A POMDP is a tuple , where is the finite set of states, is the finite set of actions, is the probabilistic transition function, is the set of observations, is the probabilistic observation function, and is the discount factor. At each time step, the environment is in some state . The agent takes an action that causes a transition to a state

with probability

. Then it receives an observation with probability , and a scalar reward .The belief of the agent at each time step, denoted by

is the posterior probability distribution of states given the history of previous actions and observations, i.e.,

. A well-known fact is that due to Markovian property, a sufficient statistics to represent history of actions and observations is the belief [aastrom1965optimal, smallwood1973optimal]. Given the initial belief , the following update equation holds between previous belief and the belief after taking action and receiving observation :(1) |

The agent’s objective is to find a pure policy that maximizes its expected discounted cumulative reward denoted by . A pure policy is a mapping from belief to actions , where is the set of belief states. Note that constructs a -dimensional probability simplex which we indicate by .

#### Ii-A2 Point-Based Value Iteration

POMDP solvers apply value iteration [sondik1978optimal], a dynamic programming technique, to find the optimal policy. Let be a value function that maps beliefs to values in that represent the expected discounted cumulative reward for a given belief. The following recursive expression holds for :

(2) | ||||

The value iteration process converges to the optimal value function which satisfies the Bellman’s optimality equation [bellman1957markovian]. Then, an optimal policy can be derived from the optimal value function. An important outcome of (2) is that at any horizon, the value function is piecewise linear and convex [smallwood1973optimal] and hence, can be represented by a finite set of hyperplanes. Each hyperplane is associated with an action. Let

’s to denote the corresponding vectors of the hyperplane parameters and let

to be the set of vectors at horizon . Then,(3) |

where indicates the dot product of the two vectors. Additionally, the action corresponding to the optimal in (3) determines the optimal action at . This representation of the value function has motivated approximate point based solvers to try to approximate the value function by updating the hyperplanes over a finite set of sampled belief points.

Generic point-based solvers consist of three main steps, namely sampling, backup, and pruning. These steps are applied repeatedly until a desired convergence criterion for the value function is realized. For the sampling step, different approaches exist including discretization of the belief simplex and adaptive sampling techniques [pineau2006anytime, kurniawati2008sarsop, smith2012point]. The backup step follows the standard Bellman backup operation. More specifically, one can rewrite (2) using (3) to obtain:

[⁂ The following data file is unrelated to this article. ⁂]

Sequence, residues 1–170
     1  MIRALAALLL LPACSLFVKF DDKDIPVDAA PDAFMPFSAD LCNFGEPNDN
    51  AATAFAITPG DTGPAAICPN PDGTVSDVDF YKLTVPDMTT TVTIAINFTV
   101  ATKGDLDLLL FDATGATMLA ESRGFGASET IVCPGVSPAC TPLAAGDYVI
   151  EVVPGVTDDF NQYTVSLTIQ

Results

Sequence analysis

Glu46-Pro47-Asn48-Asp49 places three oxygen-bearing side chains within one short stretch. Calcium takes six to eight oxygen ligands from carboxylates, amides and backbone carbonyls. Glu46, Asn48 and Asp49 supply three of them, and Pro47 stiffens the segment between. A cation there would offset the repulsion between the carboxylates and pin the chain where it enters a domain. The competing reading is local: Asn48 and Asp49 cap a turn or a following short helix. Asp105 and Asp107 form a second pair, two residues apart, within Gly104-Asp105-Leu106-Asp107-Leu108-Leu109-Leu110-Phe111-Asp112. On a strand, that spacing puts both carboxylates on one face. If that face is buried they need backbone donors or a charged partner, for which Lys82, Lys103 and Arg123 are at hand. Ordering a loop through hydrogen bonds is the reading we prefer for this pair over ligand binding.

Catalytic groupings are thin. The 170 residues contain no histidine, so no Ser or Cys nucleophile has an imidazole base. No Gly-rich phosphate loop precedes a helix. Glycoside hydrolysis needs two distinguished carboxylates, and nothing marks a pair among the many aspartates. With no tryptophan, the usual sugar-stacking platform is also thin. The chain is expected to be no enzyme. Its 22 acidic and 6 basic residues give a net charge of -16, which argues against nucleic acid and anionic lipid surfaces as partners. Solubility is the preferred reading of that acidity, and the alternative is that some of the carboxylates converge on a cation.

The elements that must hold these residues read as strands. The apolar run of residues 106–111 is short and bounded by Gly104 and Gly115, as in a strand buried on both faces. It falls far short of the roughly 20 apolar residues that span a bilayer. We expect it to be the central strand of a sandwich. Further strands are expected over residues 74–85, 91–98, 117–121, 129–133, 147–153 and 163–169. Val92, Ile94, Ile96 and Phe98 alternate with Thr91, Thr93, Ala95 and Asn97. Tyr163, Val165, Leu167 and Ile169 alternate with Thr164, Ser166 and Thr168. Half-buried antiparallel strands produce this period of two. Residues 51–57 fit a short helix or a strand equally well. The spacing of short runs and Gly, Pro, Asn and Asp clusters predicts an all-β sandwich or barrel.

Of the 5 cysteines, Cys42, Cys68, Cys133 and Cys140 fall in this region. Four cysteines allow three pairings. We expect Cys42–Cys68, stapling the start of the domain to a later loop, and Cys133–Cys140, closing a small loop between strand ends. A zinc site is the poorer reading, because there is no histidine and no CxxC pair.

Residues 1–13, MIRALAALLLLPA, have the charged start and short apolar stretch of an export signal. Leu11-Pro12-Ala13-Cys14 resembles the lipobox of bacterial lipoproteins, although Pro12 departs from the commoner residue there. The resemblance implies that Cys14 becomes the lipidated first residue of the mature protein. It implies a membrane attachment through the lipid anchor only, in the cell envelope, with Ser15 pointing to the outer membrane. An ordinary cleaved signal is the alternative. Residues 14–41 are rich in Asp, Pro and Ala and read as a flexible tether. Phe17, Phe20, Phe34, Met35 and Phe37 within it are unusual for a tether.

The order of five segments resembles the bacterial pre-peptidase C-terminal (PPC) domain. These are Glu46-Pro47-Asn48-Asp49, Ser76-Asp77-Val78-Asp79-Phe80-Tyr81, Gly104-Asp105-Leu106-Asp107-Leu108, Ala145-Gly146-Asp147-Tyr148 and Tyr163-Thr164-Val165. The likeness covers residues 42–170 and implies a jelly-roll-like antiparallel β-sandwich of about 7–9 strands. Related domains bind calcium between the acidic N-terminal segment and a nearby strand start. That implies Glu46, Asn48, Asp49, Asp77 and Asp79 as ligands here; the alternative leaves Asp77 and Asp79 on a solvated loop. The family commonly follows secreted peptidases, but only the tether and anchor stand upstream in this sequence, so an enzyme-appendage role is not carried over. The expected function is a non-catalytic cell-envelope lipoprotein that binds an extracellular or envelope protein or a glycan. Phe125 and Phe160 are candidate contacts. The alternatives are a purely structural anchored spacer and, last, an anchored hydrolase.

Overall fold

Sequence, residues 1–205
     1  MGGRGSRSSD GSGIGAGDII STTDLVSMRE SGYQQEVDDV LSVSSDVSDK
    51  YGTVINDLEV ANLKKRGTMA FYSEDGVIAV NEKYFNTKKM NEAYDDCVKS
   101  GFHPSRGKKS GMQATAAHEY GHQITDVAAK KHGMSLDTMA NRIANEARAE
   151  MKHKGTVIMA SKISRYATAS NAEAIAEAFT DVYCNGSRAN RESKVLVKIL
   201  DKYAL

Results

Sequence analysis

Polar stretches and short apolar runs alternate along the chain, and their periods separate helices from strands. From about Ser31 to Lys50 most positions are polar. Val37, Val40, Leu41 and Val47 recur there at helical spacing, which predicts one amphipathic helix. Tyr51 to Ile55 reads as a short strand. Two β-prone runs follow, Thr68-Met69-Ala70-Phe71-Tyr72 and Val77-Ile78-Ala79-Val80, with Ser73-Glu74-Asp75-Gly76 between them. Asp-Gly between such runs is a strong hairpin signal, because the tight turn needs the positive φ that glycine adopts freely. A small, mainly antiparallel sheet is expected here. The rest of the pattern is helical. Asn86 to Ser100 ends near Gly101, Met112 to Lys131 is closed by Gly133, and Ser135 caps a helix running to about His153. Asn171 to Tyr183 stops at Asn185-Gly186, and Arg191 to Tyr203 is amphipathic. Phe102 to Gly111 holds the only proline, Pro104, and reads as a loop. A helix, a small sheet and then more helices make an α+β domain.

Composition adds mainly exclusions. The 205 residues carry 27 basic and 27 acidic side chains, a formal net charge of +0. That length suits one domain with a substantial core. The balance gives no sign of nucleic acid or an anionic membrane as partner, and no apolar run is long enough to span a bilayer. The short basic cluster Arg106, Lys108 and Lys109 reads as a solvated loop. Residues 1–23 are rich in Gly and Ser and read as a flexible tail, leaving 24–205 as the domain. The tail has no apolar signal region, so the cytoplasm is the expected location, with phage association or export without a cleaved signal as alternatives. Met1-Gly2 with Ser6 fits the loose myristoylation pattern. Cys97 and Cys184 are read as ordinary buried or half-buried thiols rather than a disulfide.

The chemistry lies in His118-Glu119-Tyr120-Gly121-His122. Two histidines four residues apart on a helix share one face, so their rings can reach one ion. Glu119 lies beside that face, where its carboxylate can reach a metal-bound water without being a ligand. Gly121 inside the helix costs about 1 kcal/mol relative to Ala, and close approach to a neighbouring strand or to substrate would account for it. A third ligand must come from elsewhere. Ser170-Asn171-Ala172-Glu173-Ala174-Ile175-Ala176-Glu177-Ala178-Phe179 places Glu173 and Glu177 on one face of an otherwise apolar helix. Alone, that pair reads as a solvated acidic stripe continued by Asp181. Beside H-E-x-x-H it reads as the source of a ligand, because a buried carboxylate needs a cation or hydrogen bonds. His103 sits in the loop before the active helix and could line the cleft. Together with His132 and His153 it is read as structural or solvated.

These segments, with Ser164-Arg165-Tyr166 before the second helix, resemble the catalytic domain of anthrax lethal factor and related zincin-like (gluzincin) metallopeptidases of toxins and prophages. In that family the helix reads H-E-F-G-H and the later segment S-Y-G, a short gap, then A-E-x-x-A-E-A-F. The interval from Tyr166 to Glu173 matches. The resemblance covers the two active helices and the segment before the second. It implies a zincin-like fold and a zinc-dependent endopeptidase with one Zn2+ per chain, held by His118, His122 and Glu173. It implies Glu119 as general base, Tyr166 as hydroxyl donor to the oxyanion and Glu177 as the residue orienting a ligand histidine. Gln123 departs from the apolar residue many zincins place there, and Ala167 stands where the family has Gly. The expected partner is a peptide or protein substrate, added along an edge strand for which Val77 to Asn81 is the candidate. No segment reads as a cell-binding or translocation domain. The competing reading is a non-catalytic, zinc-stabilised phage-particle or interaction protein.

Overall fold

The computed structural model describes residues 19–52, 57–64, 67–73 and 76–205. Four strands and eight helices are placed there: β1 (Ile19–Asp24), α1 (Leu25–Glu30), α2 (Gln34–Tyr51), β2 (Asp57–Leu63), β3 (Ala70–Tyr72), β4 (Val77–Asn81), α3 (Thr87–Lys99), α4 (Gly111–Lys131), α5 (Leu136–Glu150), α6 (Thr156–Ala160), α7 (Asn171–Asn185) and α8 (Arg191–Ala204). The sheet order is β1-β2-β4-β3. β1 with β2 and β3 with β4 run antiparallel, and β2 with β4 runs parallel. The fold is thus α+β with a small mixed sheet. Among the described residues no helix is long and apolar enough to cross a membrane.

where is the set of vectors from previous iteration. Let to denote the current set of sampled belief points. The Bellman backup operator on is performed through the following procedure [pineau2006anytime]:

Step 1: | |||

Step 2: | |||

Step 3: | |||

Step 4: | |||

Step 5: |

where is the new set of vectors. Lastly, in the pruning step, the vectors that are dominated by other vectors are removed to simplify next round of computation [araya2010pomdp].

#### Ii-A3 Properties of Set Functions

Since the proposed active perception algorithm is founded upon the theoretical results from the field of submodular optimization for set functions, here, we overview the necessary definitions. Let to denote a ground set and a set function that maps an input set to a real number.

###### Definition 1.

A set function is monotone nondecreasing if for all .

###### Definition 2.

A set function is submodular if

for all subsets and . The term is the marginal value of adding element to set .

Monotonicity states that adding elements to a set increases the function value while submodularity refers to diminishing returns property.

### Ii-B Problem Statement

In this paper, we consider an agent whose interaction with the environment, i.e., stochastic transitions and observations, is captured by a POMDP. In addition to a priori known observations captured by the POMDP, during runtime, the agent can further collect auxiliary observations, e.g., by means of communicating with other nearby agents. However, there is a budget constraint, such as limited communication bandwidth or limited communication power, on the auxiliary information gathering. Therefore, the agent must pick (or activate) a subset of auxiliary information sources that maximally increase its expected reward in the future while respecting the constraint. We formally state the problem next.

###### Problem 1.

Consider a POMDP with initial belief . Let set to denote auxiliary observations available at time step , with associated costs of , and an upper bound on the cost. Also, let to represent the power set obtained from . In a priori planning, we aim to compute a pure belief-based policy that maximizes the expected discounted cumulative reward, i.e,

Furthermore, at runtime, we aim to compute an active perception policy that given current belief , maximizes the expected discounted cumulative reward in the future while respecting the cost constraint, i.e.,

##
Iii Online Active Perception with

Limited Budget

Problem 1 consists of two stages. The first stage is an a priori planning based on the POMDP model. We resort to point-based value iteration (see Section II) to compute a near-optimal policy